So came to our lives this young poet. She nested in the trailer and made it quite her own. She put her little pottery jar on the dinette table and filled it with flowers she casually picked from the yard. She pinned a lovely kerchief she had bought at the Salvation Army store in the window. At night when we were in bed, “Rumpole” and I lay listening to music wafting from the trailer and in our open bedroom window, and sometimes to murmured conversations between this young poet and her visiting friends.  This was a most satisfactory arrangement.

Privately we mused that here was out opportunity to be sort of parent, friend, to someone who needed space to plan out her next moves in life – and that she was the gift of a daughter we never had.  And after all, our son “Renaissance Man” had experienced a similar situation in his life, a mere 7 years prior when he lived with an old friend while he was in transit between two communities and two schools?

Ten years later, this young poet has made a marvellous life for herself – she invents her life as she goes along, and has increased the circle of her supporters.  And she gives back through amazing writing. Our friend, “The Prissy German Tourist”, a fine web designer, artist, is currently putting together a  web-site for this young poet.

Within a month they should have her web-site up. So I’ll up-date this post to include her information for anyone who cares to drop in on her.

Elizabeth Bachinsky

“Home of Sudden Service”  poems,

“CURIO – Grotesques and satires from the Electronic Age”  BookThug   Toronto  Screen=PROD&Store_Code=apollinaire&Product_Code=1069&Category_Code=AA


Practice and rehearsal

January 22, 2007

Some of my most valued experiences  involve the privilege to observe accomplished people  rehearse first and then, afterward present a virtuoso performance of their art. These opportunities were largely dependent on my being in the right place at the right time.

Not too long ago I spent two weeks with my friends “Prissy German Tourist”(PGT) and his wife, “Obsessive Compulsive Shop-Aholic” (OCSA).  During that time, PGT and I twice attended Life Drawing workshops, where many of the local artists regularly attended to hone their observation and drawing skills. Ability levels of these artists ranged from that of skilled amateurs to those of professionals, with the exception of one artist who many attending the studio regarded as a “master”.  This man has a long CV listing numerous exhibitions in public and private galleries, his participation as presenter at conferences and an extensive publication record, citing numerous critical writings about his work. He didn’t recieve deferential treatment – he simply set up his easel and working materials where he could squeeze into, in a very crowded room. PGT and I staked out our respective spots among the other people in the room. The model stepped up on the dais.  In silence, work proceeded. Time was suspended. The only sounds came from the crinkling of turned sheets of paper whenever a pose ended and it was time to begin a new drawing, and from intermittent flurries of scratchings made by drawing materials on  papers. At half-time break, people strolled around stretching their arms and bending their bodies meanwhile visiting quietly with each other. They casually checked out each other’s progress.  PGT led me over and introduced me to the “Master”. We looked at his drawings, and he made comments on what worked and what didn’t for him.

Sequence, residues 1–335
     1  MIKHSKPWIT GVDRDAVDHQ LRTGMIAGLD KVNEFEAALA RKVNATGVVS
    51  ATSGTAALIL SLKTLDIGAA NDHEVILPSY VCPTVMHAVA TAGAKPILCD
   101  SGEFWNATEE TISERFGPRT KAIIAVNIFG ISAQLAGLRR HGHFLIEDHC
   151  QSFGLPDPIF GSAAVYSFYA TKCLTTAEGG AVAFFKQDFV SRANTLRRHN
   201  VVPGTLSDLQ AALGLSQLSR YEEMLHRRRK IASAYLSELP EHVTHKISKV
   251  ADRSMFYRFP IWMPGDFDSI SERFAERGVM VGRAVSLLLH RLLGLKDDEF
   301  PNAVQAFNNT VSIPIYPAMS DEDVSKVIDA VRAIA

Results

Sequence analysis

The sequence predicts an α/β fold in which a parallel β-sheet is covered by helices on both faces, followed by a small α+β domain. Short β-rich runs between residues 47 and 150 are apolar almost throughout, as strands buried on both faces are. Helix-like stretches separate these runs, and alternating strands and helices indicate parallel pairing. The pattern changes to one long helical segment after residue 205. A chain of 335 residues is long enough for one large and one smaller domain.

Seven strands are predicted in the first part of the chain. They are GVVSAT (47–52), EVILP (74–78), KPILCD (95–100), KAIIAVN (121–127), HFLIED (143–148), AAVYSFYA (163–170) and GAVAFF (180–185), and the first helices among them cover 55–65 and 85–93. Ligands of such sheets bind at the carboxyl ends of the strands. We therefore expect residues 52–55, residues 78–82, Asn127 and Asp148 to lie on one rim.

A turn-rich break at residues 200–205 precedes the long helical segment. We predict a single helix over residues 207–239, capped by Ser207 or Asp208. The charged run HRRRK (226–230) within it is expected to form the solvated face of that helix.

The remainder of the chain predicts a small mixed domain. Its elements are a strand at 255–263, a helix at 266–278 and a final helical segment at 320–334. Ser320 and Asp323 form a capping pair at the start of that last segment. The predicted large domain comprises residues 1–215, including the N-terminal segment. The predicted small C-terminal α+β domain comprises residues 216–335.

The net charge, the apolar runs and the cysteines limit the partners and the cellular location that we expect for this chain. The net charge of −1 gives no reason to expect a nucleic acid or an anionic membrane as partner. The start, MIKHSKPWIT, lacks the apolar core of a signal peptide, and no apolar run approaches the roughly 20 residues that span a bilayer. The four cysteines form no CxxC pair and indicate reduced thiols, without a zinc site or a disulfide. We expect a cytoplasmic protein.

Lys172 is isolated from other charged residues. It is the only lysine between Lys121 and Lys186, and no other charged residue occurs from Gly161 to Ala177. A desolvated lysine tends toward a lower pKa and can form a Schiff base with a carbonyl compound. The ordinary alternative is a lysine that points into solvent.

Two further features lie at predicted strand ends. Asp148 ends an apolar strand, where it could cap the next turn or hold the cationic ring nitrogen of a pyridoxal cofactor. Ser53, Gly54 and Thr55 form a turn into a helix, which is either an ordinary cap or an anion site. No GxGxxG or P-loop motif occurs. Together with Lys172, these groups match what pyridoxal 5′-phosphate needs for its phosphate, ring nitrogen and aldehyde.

After the break ended, I decided to lounge on the couch behind the “Master” and simply watch him work for a while.  He used the same materials as the rest of us there.  He approached the process of building up a drawing using commonly taught behaviours. I did note some slight differences though. He looked at the model more often, paused slightly longer before he applied his marks with great deliberation. Any false starts, he merely worked over, embedding them in the matrix of lines and smudges that evolved gradually and became the resulting drawing at the end of the pose. Then, he simply turned over his paper to the next sheet and continued his drawing rehearsal.  I went back to my easel and back to work.

A year later, this Master artist had an exhibition of his drawings in a public gallery. One series was of large-scale dry-brush and ink drawings of pairs of hands, showing frozen moments of related  but varied gestures and interelationships. This series expressed so beautifully and eloquently the power of paying attention closely to nuance and subtle changes in forms seen. What this artist did was to demonstrate clearly through his drawings  the importance, value and pleasure to be obtained  through mindful seeing.  It was clear to see that these works represented the culmination of many years of practice and rehearsal with his chosen tools.  The drawings looked acute, fresh, vigorous, direct and sure – it was as if they had come about so naturally and easily.  They looked as if they had been dreamed into existence!

But what I have learned from watching this master artist perform his practice and rehearsal, and then subsequently seeing his virtuoso work is that there is process underlying a final product and that the process is integrally a part of the final result.   There is immense effort behind the creation of all kinds of phenomena that we daily experience, not just in “art” prduction but in all kinds of endeavours.

It occurs to me that what I have written about here is an illustration of :

“Form is the envelope of pulsation…” K. M-H

I must consider about this further!